The game was billed as an inner tube race down a series of waterways, but these rivers were anything but lazy, and only the strong would survive.
Starting on the Colorado River, tube dudes BIF and JET (or their computer-controlled counterparts) floated downstream with only their hands and feet to control their progress. A unique four-button set controlled your character’s paddling – back-left, back-right, forward-left and forward-right.
It took a bit of practice to learn how to make BIF and JET spin, backpaddle and race downstream, but the visual rewards were well worth it.
Toobin’ took players on a wacky, cartoony trip, running down courses in many places and times: the Amazon, the Black Forest in the Middle Ages, a Jurassic river, a polar freeze-fest and even a trip down the red river to Hades.
Each course came complete with its own hazards, from dragons and haunted trees to alligators and spear-hurling Amazons to dinosaurs, polar bears, snakes, fishermen, stream-crossing cows and shotgun-blasting hillbillies. Any contact with these baddies, or with one of the many branches and twigs that littered the waterway, and your tube would pop a gaping hole, leaving you one less repair patch and one snag closer to “Game Over.”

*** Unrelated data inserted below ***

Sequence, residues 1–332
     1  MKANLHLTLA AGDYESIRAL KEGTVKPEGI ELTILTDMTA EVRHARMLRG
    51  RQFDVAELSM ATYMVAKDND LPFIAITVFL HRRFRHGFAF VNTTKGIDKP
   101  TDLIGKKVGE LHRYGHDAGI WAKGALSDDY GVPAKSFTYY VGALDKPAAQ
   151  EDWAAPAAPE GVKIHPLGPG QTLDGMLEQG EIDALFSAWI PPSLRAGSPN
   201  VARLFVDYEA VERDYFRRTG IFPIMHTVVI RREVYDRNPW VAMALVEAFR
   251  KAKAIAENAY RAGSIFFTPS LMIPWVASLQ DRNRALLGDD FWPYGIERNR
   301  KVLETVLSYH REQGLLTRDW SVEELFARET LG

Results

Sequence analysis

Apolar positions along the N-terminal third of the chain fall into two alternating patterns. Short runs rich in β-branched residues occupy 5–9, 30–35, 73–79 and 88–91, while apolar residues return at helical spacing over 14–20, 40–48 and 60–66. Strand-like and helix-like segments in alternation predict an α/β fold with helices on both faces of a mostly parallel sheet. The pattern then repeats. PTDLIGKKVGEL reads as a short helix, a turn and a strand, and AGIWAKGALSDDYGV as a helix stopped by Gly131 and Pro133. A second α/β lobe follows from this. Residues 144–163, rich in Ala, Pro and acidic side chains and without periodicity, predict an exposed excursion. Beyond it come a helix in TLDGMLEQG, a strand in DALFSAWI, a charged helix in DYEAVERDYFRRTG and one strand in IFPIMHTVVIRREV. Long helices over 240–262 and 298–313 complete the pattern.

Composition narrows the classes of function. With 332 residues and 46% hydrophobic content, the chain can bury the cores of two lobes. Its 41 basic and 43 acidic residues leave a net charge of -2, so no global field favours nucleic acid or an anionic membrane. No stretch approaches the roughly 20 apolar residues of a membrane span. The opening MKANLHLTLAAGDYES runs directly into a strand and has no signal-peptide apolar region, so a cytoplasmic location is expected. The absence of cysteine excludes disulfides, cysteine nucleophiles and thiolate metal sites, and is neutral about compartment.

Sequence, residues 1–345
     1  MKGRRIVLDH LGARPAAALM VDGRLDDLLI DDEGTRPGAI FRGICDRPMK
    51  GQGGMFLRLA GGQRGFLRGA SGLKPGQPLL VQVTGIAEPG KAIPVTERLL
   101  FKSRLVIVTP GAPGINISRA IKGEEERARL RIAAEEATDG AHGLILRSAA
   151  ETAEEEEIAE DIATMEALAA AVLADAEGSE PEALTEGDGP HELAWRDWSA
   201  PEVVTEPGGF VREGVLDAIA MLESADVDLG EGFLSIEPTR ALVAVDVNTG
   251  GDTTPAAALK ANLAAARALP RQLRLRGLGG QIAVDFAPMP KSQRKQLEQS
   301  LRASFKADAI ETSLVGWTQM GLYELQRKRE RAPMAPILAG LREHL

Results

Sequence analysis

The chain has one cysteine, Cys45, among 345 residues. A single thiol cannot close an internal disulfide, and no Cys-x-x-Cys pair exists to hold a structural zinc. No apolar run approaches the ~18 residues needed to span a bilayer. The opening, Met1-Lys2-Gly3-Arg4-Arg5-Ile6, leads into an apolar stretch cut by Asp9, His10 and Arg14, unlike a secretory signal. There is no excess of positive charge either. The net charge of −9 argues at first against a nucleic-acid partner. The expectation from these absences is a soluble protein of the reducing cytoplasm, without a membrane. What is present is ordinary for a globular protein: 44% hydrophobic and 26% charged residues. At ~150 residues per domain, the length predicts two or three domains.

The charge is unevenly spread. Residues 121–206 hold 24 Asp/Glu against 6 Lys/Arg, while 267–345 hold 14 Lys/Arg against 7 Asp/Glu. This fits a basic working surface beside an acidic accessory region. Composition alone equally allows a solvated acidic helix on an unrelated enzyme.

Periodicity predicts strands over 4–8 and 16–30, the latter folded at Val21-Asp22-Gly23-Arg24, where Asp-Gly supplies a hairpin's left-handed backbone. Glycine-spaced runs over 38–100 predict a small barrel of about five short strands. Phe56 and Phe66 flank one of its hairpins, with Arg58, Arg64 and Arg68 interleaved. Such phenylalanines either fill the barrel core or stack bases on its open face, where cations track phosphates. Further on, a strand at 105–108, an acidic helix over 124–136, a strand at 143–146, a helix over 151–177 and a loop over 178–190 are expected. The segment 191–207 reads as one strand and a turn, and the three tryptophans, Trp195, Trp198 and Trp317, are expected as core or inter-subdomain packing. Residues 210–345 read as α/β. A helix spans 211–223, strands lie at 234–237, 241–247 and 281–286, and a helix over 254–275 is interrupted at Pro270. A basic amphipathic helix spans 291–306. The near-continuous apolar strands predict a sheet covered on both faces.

Any contact with these baddies, or with one of the many branches and twigs that littered the waterway, and your tube would pop a gaping hole, leaving you one less repair patch and one snag closer to Game Over.
Most obstacles had to be avoided with swift paddling, but for a little counter-attack, players could pick up floating cans along the trek, handy for use as projectile weapons. Bonus points could also be earned by sliding through course gates or snatching floating treasure chests, and for even quicker rewards (but much greater risks), players could take whirlpool shortcuts to higher levels.
It’s safe to say that Toobin’ was unlike anything else in the arcade at the time. That was both good and bad for Atari. The unique look and play caught players’ interest, but the very specific control system and vertically-oriented monitor limited the game’s adaptability for home systems.
An NES version was released, but not very widely. For most, Toobin’ remains purely an arcade experience, a memorable jaunt down some of the most unfriendly waters on Earth.